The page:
Vincent van Gogh - Self-Portrait in Front of the Easel 1888

Self-Portrait in Front of the Easel 1888
Self-Portrait in Front of the Easel
Oil on canvas 65.5 x 50.5 cm. Paris: early 1888
Amsterdam: Van Gogh Museum

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The Letters of Vincent van Gogh

To Theo van Gogh. Nuenen, on or about Friday, 28 November 1884.
Dear brother,
Thanks for your letter and the money.
Assuming that what you say is true, that you started to write to me repeatedly but didn’t get round to finishing the letter before — I’m in the same position, since I’ve already thrown what I wrote to you into the stove twice — because I found it either too bitter or too tame. What shall I say to you? — your letter sounds very correct to me, and has a tone like that of a good Minister for Fine Arts, say.
But — that doesn’t alter the fact that it isn’t much good to me and it doesn’t satisfy me — and above all your ‘perhaps later, once you have expressed yourself more clearly, we’ll perhaps also find something in your present work — and then not act as we do now’.... fine promise — but — a ministerial fata Morgana — in the eyes of someone like me, who would rather find an outlet at a lower level provided it was in the present.

There you have it — that outlet in the present, with 3rd-rate dealers if necessary (not from choice) — is something I can’t ask of you in your position — so be it — but you can’t ask me to acquiesce in a ministerial fata Morgana, I’m too practical for that, after all. Please appreciate that I call you a good minister — and know only too well how damned bad the people above the ground floor are as a rule, so I’m very willing to treasure a few bright spots, even in the ministerial sphere. Which isn’t intransigent, and it’s for that reason that I herewith certainly piss on the sacred shrine of the intransigents — as I often do — on sacred shrines in general.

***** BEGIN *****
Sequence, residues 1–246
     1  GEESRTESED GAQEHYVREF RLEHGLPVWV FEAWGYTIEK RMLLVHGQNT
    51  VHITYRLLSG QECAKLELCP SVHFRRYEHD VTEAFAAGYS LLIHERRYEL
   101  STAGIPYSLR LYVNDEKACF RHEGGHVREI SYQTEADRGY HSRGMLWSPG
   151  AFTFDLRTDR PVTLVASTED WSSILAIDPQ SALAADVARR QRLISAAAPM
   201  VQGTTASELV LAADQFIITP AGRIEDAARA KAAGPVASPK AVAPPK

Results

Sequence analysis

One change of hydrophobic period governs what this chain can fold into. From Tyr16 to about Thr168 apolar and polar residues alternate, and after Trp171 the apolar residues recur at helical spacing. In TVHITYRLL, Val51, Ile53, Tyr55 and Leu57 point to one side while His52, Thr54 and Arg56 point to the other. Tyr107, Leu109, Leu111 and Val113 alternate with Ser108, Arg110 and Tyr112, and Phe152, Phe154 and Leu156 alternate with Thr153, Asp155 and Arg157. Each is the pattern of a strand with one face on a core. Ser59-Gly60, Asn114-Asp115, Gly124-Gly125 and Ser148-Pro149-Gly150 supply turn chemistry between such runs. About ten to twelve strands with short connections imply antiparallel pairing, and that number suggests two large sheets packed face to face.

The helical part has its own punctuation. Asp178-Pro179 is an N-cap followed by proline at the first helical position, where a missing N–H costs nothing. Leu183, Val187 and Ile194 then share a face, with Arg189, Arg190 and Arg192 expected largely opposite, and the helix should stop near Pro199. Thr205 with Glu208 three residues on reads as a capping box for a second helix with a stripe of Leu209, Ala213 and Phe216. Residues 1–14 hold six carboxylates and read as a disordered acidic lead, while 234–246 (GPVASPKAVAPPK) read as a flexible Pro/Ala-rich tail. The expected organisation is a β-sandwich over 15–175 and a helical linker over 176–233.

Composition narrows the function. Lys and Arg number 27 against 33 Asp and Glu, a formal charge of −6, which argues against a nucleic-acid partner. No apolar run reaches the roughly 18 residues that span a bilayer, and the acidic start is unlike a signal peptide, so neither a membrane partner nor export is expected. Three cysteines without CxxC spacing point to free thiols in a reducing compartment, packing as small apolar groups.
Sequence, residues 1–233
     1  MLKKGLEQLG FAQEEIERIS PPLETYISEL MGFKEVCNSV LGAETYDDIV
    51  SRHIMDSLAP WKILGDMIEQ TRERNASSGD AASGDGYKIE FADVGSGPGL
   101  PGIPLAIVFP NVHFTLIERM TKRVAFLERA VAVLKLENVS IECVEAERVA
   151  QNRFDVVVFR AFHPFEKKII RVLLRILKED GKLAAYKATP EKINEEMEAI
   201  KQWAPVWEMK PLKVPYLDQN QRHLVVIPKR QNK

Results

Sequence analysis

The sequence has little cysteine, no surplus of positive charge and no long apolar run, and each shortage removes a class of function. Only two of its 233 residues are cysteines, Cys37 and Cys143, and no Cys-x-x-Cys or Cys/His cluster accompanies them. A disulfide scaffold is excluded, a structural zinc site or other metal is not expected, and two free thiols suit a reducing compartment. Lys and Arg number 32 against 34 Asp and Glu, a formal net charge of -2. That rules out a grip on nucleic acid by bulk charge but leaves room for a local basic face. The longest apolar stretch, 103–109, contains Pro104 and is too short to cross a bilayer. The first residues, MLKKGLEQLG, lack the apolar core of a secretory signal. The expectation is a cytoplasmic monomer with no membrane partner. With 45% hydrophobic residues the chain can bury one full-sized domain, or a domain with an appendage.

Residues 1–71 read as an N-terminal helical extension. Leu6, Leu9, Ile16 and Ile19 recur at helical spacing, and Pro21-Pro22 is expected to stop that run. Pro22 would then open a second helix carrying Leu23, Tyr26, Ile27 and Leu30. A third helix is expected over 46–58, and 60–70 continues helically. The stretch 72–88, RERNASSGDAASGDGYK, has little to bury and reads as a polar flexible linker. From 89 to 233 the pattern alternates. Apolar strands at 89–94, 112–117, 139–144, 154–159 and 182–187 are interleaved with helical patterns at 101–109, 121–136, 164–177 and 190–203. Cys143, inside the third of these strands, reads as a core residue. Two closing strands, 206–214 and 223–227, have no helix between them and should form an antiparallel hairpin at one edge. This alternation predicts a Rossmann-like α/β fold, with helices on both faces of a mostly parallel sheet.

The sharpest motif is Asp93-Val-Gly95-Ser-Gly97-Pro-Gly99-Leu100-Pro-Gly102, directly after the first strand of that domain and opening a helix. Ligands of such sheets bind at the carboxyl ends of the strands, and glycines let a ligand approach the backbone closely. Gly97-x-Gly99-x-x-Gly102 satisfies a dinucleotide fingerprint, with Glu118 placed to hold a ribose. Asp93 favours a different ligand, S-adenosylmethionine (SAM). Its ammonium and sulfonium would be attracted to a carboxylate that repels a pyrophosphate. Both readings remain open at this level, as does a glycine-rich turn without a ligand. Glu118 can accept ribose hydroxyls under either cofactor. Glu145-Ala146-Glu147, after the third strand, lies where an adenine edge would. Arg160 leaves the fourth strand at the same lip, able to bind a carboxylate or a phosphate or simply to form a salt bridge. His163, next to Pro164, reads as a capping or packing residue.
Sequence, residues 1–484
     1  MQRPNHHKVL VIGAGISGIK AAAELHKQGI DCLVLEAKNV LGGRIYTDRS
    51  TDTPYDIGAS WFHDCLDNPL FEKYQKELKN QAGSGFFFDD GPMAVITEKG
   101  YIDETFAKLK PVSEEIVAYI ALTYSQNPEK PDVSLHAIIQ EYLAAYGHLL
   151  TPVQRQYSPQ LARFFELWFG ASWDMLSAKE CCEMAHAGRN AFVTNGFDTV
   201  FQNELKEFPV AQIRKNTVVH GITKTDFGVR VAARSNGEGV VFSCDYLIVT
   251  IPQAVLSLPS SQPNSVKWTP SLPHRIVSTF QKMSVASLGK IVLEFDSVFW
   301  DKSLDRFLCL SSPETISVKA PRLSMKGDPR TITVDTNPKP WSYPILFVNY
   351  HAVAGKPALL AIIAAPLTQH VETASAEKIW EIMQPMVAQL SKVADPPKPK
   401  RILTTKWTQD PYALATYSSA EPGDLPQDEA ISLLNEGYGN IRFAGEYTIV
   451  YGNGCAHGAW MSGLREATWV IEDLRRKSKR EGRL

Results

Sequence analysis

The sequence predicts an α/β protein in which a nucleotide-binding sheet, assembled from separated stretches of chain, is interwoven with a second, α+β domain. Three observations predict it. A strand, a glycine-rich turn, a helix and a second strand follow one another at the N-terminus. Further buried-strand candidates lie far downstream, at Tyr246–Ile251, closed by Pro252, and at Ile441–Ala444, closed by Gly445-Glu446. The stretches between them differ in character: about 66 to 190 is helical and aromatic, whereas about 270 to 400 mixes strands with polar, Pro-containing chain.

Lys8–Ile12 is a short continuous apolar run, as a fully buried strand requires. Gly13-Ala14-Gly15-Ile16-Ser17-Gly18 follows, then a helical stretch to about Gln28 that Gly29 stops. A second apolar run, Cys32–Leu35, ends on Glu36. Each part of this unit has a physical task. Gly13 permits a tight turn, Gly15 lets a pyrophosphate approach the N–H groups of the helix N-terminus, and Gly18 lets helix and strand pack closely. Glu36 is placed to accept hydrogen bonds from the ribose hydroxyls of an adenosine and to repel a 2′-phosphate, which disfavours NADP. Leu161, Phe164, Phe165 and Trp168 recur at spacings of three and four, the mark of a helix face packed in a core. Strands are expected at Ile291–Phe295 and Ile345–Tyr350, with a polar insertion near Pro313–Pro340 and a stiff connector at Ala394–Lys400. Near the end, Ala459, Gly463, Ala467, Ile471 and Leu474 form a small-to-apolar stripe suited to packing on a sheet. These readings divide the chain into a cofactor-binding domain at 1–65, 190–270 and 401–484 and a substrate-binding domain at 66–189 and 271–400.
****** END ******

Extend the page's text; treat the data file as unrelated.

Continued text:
To business, though — have you ever realized that I presently have more than two guilders in expenses daily — reckon 1 for the model, 1 for canvas, paint — it can’t come out any cheaper.
I still have bills to pay — and — I must go to Antwerp. My position here is rather too strained, I’m not comfortable at the moment and I have enough trouble sticking it out and ‘possessing my soul in patience’, as they say.
At home, after all — although there are no real rows — they don’t find the prospect of my staying here too long a pleasant one. Which I can well understand. And yet I can’t leave — either altogether — or partly (partly if I keep my studio on, which is my plan) unless I make a whole lot more studies and — find something new to settle me in Antwerp. Will you please bear this in mind? And if you’d do your best to make it rather easier for me financially, I believe that then there would be a real chance of keeping the peace later, albeit it far from concord. Which I wish for myself and also for others, that calmness.
What is not can yet come, you say, regarding my work — and I, regarding the perception of something other than a fata Morgana in your saying ‘later we’ll etc. — (see above)’: Today — it’s a fata Morgana to me and I wish, in any event, to try Antwerp. Regards, with a handshake.
Yours truly,